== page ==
However, organisers faced criticism in 2010 when it dropped plans for a wind turbine that would serve as a “green beacon” for the park amid fears that the site did not provide adequate average wind speeds.
A recent report from green NGO WWF widely praised the Games green credentials, but warned that organisers were likely to miss a target to deliver 20 per cent of its energy from renewable sources, despite the efforts to deploy some onsite generation technologies.
The World’s Biggest Wind Turbine Blades Are So Long Their Tips Spin at 180 MPH
For off-shore wind farms to become an economically feasible alternative energy source, each turbine needs to be big. Like, really big. That’s why the latest turbine blade from Siemens is gigantic—just a hair shorter than the wingspan of an Airbus 380.
The B75 turbine blade itself is 75 meters long, while the entire rotor assembly measures 154 meters in diameter. As it spins, the blades cover an area of 18,600 square meters—that’s roughly two and a half soccer fields—at a brisk 80 meters per second, or 180 MPH at the tips.
Moving that fast over such a large area generates a tremendous amount of force. About 200 tons of air press on the blade every second with wind speeds of just 22 MPH. To build a blade that can withstand it, Siemens pours each blade as a single unit of glass fiber-reinforced epoxy resin and balsa wood. This process, called IntegralBlade, eliminates seams, joints, and other structural weak points, while maximizing the rotor’s performance. The process also reduces weight by as much as 20 percent, which lightens the system’s load bearing requirements—from the nacelle down to the foundation.
The B75 blade is currently being installed on Siemens’ 6-MW turbines, which are going up in Denmark’s Østerild Test Station. Running at capacity, the entire farm could produce enough energy to power 1.8 million homes, by 2017. If the tests are successful, Danish energy giant, Dong, plans to install 300 of these new turbines along the English coast within the next few years. [PHysOrg - Siemens - Discover Siemens - Green Car Congress]
At this point, denial is the official Republican Party stance on climate change. Not a single one of their presidential or (to my knowledge) congressional candidates has affirmed the existence, much less the danger, of anthropogenic climate change in the 2012 election cycle.
But Bob Inglis is bucking the trend.
Inglis was drummed out of the U.S. House in 2010 when South Carolina voters gave his Tea Party challenger more than 70 percent of the primary vote.
Happy 4th of July! We hope it finds you well. Though ArtPrize is long behind us, we are still striving to educate the country of the benefits of clean energy, wind energy being a big part of that. Take a look at the Michigan Energy, Michigan Jobs proposal, and read why its a good deal for the state of Michigan, and for families all over the United States!
About The Proposal
A proposal may be on the Nov. 6, 2012, ballot requiring that 25 percent of Michigan’s energy come from renewable sources such as wind, solar and biomass by 2025. This is good for Michigan, and here’s why:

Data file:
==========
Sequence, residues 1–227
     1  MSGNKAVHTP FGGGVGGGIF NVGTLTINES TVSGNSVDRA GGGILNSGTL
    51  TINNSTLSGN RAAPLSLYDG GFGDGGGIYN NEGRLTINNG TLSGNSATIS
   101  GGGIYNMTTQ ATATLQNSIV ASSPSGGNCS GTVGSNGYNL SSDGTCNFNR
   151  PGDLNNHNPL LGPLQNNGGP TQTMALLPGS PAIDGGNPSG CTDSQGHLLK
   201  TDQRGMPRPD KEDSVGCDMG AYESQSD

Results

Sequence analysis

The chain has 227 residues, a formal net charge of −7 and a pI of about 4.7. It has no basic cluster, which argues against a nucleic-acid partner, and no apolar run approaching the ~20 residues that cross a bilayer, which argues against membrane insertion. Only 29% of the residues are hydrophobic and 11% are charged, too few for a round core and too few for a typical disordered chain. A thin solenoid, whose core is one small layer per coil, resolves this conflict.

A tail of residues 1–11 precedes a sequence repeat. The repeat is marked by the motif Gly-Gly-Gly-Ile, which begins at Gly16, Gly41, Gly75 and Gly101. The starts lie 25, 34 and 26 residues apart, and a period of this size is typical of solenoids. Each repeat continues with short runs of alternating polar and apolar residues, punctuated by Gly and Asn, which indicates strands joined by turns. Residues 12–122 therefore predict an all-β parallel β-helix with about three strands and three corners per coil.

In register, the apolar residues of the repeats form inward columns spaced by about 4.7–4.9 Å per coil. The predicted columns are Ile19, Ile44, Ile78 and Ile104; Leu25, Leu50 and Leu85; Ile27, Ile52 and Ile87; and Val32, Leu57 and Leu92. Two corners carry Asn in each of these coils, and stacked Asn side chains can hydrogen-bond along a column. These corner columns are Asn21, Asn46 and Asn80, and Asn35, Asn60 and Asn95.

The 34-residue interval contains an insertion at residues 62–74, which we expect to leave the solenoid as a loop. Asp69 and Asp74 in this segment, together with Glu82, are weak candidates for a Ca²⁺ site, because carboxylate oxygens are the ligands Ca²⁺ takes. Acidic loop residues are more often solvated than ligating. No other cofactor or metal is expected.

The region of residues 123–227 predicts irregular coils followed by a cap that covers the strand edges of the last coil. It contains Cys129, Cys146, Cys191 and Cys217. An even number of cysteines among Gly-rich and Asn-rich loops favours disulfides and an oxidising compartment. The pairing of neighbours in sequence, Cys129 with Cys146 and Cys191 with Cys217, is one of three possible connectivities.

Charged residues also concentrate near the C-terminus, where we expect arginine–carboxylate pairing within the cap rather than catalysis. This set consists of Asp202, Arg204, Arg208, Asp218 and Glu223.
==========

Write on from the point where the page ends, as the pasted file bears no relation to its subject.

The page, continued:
- Michigan currently imports its energy from other states and countries, sending billions of dollars — and the jobs they create — out of Michigan. This proposal will help us build a clean energy industry right here in Michigan, so that Michiganders can buy Michigan energy, and we can stop exporting our money and our jobs.
- This initiative will help expand Michigan’s clean energy production without significantly increasing energy prices. Studies by independent economists predict that it would cost the average Michigan household an average of $1.25 a month, and in the long run could reduce our energy bills. More than 30 states, including Illinois, Minnesota and Iowa, already have adopted renewable energy standards similar to Michigan’s proposal and are higher than Michigan’s current RES of 10%.
- Using more wind and solar energy will reduce pollution and give Michigan cleaner and healthier air and water, protect the Great Lakes, reduce asthma and lung disease, and ultimately save lives. That’s why groups like the Michigan Nurses Association endorse this proposal.
India may have led the world in renewable energy growth last year (its solar power installations grew at incredible 700%), but when it comes to new wind power China far and away leads the world. China’s wind power push nearly tripled that of the United States, which installed the second-greatest amount.
New figures from the Global Wind Energy Council show that China installed 18 gigawatts of new wind power in 2011, bringing its national total to 62.73 GW, a world-leading 26.4% of all our wind power.
The US installed 6.81 GW of new wind power in 2011, for a total of 46.92 GW and 19.7% of the global market.
India came in third for new installations, with 3.019 GW, but ranks fifth for total capacity (16.084 GW, 6.7% of the world’s wind power).
Rounding out the top ten nations for new wind power installations in 2011: Germany (2.1 GW), UK (1.3 GW), Canada (1.3 GW), Spain (1.1 GW), Italy (1 GW), France (0.83 GW), Sweden (0.76 GW). All other nations in the world combined installed 5.2 GW last year.
Though the stats break out wind power installations on a nation-by-nation basis, the European Union as a whole installed 9.62 GW of new wind power in 2011, bringing the total wind power capacity for the region to 93.96 GW. That’s slightly over 6% of the EU’s total electrical generating capacity.
- China Leads World in New Wind Power Installations for 2011 (treehugger.com)
- You: Wind power generates 6% of EU electricity (earthtimes.org)
- Wind power in Europe grew 11% in 2011 (guardian.co.uk)
- How to save on Electric Batteries? (4): Increase photovoltaic or wind power production (albertcampi.me)
- Nick Clegg defends wind power subsidies after Tory-led attack (bfreenews.com)